9 Investigates: How restaurants use ‘ghost kitchens’ to offer online-only orders

CHARLOTTE — Food apps may be quick and convenient, but your meal might not be coming from where you think.

At the Peach Cobbler Factory in Charlotte, co-owner Vincent Montgomery prepares decadent southern treats out of a kitchen collective called South End Eats.

The new concept is part of a collection of “ghost kitchens,” or delivery-only restaurants. South End Eats has more than 20 kitchen stalls, each filled with small local businesses exclusively online -- no dining rooms. Montgomery hopes to eventually open a brick-and-mortar location, but for now, he said a ghost kitchen was an affordable way to break into the restaurant industry.

“You have to be able to make a living, and everything is going up,” Montgomery said.

There’s a shift in the industry coming out of the pandemic, where so many restaurants closed and many are still facing staffing and supply chain shortages. Along with soaring food prices, many have been forced to make changes.

“I think that changed the culture of how we do business, honestly,” Montgomery said.

South End Eats is transparent about its delivery-only model, but not all ghost kitchens operate that way. That is raising red flags with food safety experts like Adam Dietrich.

“If I’m ordering from a third-party app, and I want the food delivered, I want to know where its coming from,” Dietrich said. “With ghost kitchens, they don’t have to tell you and they also don’t have to post their score.”

Earlier this year, Channel 9 investigated the Chili’s on Sardis Road. The restaurant was running a ghost kitchen called Maggiano’s Italian Classics without approval from the health department, according to an inspection report.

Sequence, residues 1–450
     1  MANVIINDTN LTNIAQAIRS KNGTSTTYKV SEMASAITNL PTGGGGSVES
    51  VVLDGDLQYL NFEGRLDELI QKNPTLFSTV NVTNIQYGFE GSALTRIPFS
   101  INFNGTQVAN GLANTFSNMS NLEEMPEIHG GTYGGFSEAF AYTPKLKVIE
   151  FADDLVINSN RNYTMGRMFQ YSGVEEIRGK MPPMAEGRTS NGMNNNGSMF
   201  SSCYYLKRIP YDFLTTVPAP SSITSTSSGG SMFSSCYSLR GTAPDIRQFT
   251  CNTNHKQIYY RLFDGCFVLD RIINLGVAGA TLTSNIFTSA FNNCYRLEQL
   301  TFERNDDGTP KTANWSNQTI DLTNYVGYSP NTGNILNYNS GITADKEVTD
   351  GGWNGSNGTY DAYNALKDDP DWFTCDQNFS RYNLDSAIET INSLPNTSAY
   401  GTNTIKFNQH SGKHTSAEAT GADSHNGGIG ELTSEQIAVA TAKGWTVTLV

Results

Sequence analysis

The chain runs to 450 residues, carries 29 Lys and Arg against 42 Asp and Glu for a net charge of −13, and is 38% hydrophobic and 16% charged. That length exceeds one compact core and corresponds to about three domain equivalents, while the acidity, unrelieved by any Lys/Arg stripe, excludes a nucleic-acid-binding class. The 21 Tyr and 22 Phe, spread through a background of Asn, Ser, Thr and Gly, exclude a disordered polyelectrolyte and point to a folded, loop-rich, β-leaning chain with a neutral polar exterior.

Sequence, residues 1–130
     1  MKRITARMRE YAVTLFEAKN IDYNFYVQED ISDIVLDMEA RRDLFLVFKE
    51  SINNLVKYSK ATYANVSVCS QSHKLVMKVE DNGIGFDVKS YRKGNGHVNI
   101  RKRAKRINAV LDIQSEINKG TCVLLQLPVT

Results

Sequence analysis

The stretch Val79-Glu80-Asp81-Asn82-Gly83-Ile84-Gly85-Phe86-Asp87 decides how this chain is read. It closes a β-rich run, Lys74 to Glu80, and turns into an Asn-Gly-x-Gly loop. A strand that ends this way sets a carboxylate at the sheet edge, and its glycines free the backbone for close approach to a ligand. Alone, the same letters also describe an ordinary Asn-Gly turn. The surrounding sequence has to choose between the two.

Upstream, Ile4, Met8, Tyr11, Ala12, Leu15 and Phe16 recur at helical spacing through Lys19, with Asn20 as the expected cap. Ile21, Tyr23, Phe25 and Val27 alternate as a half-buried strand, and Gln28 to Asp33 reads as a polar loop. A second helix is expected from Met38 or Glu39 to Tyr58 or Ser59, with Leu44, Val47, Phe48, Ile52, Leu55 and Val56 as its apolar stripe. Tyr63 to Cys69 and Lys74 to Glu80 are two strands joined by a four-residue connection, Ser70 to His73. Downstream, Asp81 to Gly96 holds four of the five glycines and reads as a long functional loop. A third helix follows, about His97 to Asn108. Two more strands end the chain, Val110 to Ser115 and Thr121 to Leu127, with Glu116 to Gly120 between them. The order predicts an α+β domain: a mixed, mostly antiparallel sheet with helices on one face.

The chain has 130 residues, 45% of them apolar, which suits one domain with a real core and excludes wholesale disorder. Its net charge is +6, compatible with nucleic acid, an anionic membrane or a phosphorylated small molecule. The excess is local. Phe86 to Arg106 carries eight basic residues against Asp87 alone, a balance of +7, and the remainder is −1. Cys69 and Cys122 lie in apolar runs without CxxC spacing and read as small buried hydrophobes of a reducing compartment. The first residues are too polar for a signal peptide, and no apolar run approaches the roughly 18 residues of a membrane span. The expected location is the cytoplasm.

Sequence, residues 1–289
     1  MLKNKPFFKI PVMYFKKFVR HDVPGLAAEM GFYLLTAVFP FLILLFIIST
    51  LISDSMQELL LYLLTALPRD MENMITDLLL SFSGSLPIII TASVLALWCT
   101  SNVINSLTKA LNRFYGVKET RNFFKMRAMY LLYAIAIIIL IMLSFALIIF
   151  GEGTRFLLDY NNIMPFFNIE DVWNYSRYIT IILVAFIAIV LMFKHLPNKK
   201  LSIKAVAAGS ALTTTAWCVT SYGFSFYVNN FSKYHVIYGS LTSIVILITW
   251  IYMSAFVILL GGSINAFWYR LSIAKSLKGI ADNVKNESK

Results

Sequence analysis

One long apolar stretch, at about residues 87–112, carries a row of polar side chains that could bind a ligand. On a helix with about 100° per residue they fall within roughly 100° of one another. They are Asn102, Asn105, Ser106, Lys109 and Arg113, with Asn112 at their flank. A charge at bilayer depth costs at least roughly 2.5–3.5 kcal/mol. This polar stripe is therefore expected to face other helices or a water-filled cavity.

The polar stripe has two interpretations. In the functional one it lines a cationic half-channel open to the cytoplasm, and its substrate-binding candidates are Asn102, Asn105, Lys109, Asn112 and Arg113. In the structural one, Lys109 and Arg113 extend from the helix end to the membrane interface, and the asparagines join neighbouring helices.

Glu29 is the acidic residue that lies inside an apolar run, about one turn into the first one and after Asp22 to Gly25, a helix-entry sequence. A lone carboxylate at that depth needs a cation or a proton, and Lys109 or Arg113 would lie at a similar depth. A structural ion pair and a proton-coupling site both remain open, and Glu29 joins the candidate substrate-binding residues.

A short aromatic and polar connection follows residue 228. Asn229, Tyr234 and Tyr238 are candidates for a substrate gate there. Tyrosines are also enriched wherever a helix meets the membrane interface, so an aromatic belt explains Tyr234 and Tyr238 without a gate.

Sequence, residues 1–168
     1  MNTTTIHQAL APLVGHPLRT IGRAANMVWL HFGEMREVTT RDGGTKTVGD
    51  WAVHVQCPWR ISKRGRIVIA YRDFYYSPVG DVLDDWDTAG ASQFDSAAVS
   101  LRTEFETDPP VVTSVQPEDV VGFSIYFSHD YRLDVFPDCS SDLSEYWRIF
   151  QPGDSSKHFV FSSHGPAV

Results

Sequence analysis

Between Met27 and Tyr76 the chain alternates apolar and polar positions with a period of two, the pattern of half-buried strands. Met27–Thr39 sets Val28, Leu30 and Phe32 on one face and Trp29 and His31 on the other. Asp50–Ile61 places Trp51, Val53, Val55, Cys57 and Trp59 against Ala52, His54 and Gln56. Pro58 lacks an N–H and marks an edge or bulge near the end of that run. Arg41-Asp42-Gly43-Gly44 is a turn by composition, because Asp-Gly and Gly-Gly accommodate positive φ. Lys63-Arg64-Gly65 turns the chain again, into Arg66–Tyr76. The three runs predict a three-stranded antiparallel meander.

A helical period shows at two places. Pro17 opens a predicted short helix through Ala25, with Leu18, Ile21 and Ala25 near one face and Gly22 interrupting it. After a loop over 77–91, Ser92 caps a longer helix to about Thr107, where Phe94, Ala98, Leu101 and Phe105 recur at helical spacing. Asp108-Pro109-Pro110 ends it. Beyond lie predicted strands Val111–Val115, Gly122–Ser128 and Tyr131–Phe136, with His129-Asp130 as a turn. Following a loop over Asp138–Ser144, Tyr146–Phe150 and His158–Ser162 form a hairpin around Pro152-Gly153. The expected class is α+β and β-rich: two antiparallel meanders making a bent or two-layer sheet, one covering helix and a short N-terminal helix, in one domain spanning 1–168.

It’s the same kitchen where health inspectors said they found cockroaches throughout the facility.

Customers could only order from Maggiano’s through food delivery apps.

“Nowhere on that website did it say it was coming from Chili’s and it sure didn’t say it’s coming from a Chili’s with a 73 health score,” Dietrich said.

On March 9, a spokesperson for Brinker International (which owns Chili’s) said the location got a significantly higher health rating in a reinspection by the health department. The company shared the following statement with Channel 9:

“The health of our Guests and Team Members is our top priority, and we are happy to report Chili’s Crown Point on Sardis Road received a 96.5 in our reinspection by the health department this week. We took quick, corrective action to thoroughly address all concerns and ensure we continue to score A’s on future health inspections. Some of our actions included providing additional training to our Team Members, making necessary repairs in our Heart of House, working with our chemical solutions partner EcoLab and confirming we could operate our virtual brand, Maggiano’s Italian Classics.”

But Dietrich also had questions about whether a restaurant can safely offer various menus.

“It’s easy to get behind on food safety, its easy to get behind on cleanliness,” Dietrich said.

Mecklenburg County said before approving a ghost kitchen, officials evaluate whether an establishment has the equipment, storage and preparation space to safely handle adding another menu.

After going through health department records in Mecklenburg County, Channel 9 found eight restaurants hosting 20 ghost kitchens. Chili’s, Outback Steakhouse, and Cantina 1511 all had secondary restaurant concepts online only. Buca di Beppo had eight.

We also found discrepancies in how health departments regulate them. Gaston County said it didn’t have the names of the ghost kitchens, just the restaurants where they were operating. Gaston County had ghost kitchens in:

  • Chuck E. Cheese
  • Wingstop
  • H&M Catering
  • Outback Steakhouse

“I think we are just reaching the tip of the iceberg,” Dietrich said.

He wants to see state and federal food code catch up with the new trend. He thinks restaurants should disclose where your food is coming from right on the app, along with the restaurant’s health score.

According to the state health department, “Marketing by third party delivery services or apps are not under state or federal jurisdiction, according to the current FDA Food Code, since marketing or delivery services are not considered a ‘food establishment’ and do not require permitting in North Carolina.”

(WATCH BELOW: Restaurants adjust to new normal as take-out, drive-thru only businesses)